Malcolm (Mike) Bell


    • October 13, 2018 1:42 pm

      This is the New Normal on the BBC, discussions are balanced … between various shades of red and green, and they rely on well known howlers such as “China will exit coal because of air pollution” (the exact opposite is the reality, people need electricity so they can stop burning coal in their homes and small factories), and “wind power is now the cheapest way of generating electricity”.

  7. CheshireRed permalink
    October 13, 2018 3:07 pm

    Strange how NONE of the Green Blob actually mention the expansion of brand new coal power stations. It’s almost as if they recognise that global energy policies simply don’t match their rhetoric.
    On that basis alone it’s clear politico’s DON’T believe the central theory itself, otherwise how and why would the UN allow any nation to build ‘carbon’-spewing coal power stations? Quite simply, they wouldn’t.
    Hence they know the theory is entirely bogus and is in fact designed to redistribute wealth away from more developed, successful nations.

    • A C Osborn permalink
      October 13, 2018 3:29 pm

      Do you actually think that the UN can do anything about what soveriegn nations do to supply “basics” to their own countries?
      They have tried by witholding cash from them via the world bank and then someone like the Russians, Chinese or Japanese step in with an “investment”.

  8. It doesn't add up... permalink
    October 13, 2018 3:24 pm

    I think your figure of 47% coal is a little high. BP energy statistics now include a tab on generation, which shows for 2017 global generation of 25,551TWh, with 3.5% from oil, 23.2% from natural gas, 38.1% from coal, 10.3% from nuclear, 15.9% from hydro, 8.4% from renewables, and 0.7% from “other”.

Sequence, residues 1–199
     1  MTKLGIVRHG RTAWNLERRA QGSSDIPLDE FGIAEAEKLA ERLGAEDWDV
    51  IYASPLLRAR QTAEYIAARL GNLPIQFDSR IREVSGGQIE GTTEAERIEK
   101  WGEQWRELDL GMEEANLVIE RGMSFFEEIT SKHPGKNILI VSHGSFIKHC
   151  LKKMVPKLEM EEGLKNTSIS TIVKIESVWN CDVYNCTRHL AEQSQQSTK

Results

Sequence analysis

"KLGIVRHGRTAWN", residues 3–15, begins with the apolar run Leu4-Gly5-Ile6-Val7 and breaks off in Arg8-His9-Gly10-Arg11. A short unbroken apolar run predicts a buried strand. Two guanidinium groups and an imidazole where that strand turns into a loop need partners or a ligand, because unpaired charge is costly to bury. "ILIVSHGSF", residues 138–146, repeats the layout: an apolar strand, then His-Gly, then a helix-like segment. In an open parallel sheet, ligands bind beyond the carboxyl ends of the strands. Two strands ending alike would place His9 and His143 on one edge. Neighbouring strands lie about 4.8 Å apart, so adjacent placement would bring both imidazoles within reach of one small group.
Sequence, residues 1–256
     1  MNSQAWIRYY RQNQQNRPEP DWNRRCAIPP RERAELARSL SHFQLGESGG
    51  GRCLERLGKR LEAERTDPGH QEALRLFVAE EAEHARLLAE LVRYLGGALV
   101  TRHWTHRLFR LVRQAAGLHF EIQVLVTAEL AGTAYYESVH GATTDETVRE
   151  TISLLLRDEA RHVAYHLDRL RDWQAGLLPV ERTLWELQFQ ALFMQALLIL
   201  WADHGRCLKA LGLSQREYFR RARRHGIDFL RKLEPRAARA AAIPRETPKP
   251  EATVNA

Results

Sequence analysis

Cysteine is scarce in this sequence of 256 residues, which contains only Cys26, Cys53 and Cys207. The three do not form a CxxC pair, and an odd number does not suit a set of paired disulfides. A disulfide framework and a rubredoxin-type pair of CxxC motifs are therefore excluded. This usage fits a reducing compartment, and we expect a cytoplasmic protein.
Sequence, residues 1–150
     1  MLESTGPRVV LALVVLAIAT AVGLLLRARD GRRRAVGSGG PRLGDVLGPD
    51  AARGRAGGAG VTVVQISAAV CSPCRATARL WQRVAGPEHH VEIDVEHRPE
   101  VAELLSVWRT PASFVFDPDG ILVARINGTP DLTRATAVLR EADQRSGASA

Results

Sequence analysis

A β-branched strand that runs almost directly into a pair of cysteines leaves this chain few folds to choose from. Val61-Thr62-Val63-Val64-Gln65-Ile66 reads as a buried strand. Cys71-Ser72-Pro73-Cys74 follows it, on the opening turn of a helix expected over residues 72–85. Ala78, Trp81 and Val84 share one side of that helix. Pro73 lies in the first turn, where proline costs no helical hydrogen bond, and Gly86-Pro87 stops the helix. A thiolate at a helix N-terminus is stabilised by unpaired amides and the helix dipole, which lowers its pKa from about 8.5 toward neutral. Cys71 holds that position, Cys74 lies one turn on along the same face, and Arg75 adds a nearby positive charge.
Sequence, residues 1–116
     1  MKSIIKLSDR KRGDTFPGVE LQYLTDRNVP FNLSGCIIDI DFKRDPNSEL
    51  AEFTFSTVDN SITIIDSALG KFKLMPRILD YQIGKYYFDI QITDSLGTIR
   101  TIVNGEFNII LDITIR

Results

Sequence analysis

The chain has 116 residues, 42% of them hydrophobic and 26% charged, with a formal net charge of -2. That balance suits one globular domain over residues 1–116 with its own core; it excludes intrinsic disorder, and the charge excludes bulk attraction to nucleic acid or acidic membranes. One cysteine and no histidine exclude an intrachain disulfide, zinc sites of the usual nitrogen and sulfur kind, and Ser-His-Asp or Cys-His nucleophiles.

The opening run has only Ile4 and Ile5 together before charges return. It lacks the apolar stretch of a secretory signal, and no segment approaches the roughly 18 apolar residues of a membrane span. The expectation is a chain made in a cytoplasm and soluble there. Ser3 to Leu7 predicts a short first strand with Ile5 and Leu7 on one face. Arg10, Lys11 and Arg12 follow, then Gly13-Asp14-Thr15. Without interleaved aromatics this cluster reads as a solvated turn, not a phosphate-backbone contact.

Interestingly, National Grid are forecasting an increase in UK coal burn this winter because gas has become the more expensive fuel, despite soaring carbon emissions allowance prices. Perhaps it’s really an admission that supply will get rather tighter than they feel comfortable about.

    • October 13, 2018 5:49 pm

      Yes, you are right.

      Must have been a typo!

    • manicbeancounter permalink
      October 14, 2018 1:38 pm

      I think Paul has probably got a figure for CO2 Emissions.
      An alternative tab is primary energy consumption in Mtoe, which is a broader perspective. This gives 34.2% from oil, 23.4% from natural gas, 27.6% from coal, 4.4% from nuclear, 6.8% from hydro, and 3.6% from renewables. Don’t know what happened to the “other”.
      Interesting that if one excludes China, the global percentage for coal falls to 17.7% as China has 49.3% of the global coal consumption.

  9. John F. Hultquist permalink
    October 13, 2018 5:50 pm

    the whole futility of ” the IPCC

    “Futility” (the word) implies pointlessness or uselessness but not ethical condemnation of ‘wastefulness’, or similar appropriate word. But, indeed, it is also futile.
    All the money (wealth) consumed by activities of the IPCC could be applied to serious issues, such as clean drinking water, and Vitamin A deficiency. And education.

    This is why, for me, the UN-IPCC generates more anger than sorrow. Please feel free to substitute any other emotions, less polite if you like, of your own.

    • John F. Hultquist permalink
      October 13, 2018 5:53 pm

      Click on the little x box and open the image that way. Sorry. Thanks.

Comments are closed.

%d bloggers like this: